My eight-year-old son just educated me on Elf on a Shelf.
He first met one in first grade, you see. The elf sits somewhere in the room to keep tabs on everyone, to see if you should wind up on the Naughty List or the Nice List. “Nobody is allowed to touch the elf,” he says with all seriousness. At night, the elf heads up to the North Pole to file his reports, then he comes back — which is why he winds up in another part of the room.
What Jacob didn’t need to say was, “Since nobody is allowed to touch the Elf, well, you can see why we have proof this Elf business is legit.”
Jacob is the sweetest boy who ever lived. I know all fathers are supposed to say such things, but in this case, it’s true. He looks at the world with a genuine, wide-eyed innocence and curiosity that I don’t want to risk bursting any bubble. I mean, we’ve never had an Elf, and somehow Santa has always known Jacob belongs on the Nice List, right?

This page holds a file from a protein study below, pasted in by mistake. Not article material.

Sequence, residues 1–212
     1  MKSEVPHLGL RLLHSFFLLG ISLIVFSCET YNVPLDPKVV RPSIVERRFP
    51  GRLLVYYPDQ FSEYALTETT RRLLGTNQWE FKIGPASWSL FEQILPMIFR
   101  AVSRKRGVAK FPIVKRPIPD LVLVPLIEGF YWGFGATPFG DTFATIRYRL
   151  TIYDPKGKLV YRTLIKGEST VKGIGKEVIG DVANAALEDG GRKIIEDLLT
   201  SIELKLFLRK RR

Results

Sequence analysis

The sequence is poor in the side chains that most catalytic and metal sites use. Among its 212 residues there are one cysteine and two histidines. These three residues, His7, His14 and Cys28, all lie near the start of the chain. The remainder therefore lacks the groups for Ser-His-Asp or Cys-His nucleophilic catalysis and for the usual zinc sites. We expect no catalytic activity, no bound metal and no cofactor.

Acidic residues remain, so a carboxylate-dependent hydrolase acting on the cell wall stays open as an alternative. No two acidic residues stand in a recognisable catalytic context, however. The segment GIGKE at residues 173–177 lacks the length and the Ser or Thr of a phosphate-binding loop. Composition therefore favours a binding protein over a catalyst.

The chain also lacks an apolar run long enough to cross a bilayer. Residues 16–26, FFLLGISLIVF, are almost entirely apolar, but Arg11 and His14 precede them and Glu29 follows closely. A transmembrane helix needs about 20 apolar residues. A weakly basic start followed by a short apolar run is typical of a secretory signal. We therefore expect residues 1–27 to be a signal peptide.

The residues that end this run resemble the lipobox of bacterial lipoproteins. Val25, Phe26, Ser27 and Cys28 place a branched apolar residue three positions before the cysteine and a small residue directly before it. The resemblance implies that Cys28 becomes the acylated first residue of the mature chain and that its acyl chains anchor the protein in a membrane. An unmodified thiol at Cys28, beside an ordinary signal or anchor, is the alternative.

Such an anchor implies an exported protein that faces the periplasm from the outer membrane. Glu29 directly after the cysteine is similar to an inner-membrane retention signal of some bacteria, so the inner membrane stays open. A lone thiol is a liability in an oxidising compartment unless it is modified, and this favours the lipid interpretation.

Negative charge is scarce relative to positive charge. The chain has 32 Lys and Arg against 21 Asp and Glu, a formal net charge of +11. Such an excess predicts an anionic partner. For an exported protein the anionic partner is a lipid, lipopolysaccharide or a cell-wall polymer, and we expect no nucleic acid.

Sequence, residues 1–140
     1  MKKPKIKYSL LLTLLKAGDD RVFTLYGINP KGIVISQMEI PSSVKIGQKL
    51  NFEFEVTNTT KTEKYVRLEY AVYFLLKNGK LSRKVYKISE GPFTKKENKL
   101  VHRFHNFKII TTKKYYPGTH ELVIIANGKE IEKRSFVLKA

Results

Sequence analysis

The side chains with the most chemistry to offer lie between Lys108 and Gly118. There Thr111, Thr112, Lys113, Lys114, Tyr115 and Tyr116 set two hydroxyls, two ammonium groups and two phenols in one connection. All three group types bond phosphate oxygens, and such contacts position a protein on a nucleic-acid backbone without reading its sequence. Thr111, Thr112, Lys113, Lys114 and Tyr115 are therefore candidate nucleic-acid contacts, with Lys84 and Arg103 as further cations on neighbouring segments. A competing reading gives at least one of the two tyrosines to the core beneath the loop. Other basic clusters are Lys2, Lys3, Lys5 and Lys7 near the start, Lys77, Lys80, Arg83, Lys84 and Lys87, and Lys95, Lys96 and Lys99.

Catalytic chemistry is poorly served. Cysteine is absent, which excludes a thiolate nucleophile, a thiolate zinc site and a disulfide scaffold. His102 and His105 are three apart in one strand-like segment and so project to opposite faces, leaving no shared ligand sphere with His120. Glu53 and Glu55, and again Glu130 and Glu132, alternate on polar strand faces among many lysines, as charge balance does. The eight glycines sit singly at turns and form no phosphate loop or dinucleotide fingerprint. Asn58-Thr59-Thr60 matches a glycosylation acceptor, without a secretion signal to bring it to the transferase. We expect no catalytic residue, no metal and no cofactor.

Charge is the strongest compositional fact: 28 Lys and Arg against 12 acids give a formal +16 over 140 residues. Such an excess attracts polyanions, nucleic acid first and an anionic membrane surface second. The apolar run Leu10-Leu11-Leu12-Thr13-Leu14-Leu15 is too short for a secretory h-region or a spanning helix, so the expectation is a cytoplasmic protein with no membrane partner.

That talk is coming. And the one about the Tooth Fairy. And the Easter Bunny. All of it. My wife recently pointed out that Jacob is less than two years away from the age where she got The Talk about where babies come from. Then she threw up in her mouth a little.
It’s all inevitable, of course. I’m finding myself mentally practicing the conversations, trying to find the perfect way to teach him what’s what, without somehow spoiling the essence of what makes him so special.
He’s spoiled me, you see. He’ll still hold my hand in a store, or run to give me a hug in front of his friends. He’ll draw me pictures just because, and I can’t tell you the last time he was mad at me.
It won’t always be that way. That’s just as inevitable, I’m afraid.
But for now, I’d just like to make sure I’m taking note of how special this time is, and how magical it all is — for me. To share in that wonder and innocence is an amazing thing.
As I’m typing this, Jacob spotted a spooky spider on the wall. “Oh my!” was his reaction.
Just wait, Jake’n’Bake. There’s a lot more coming.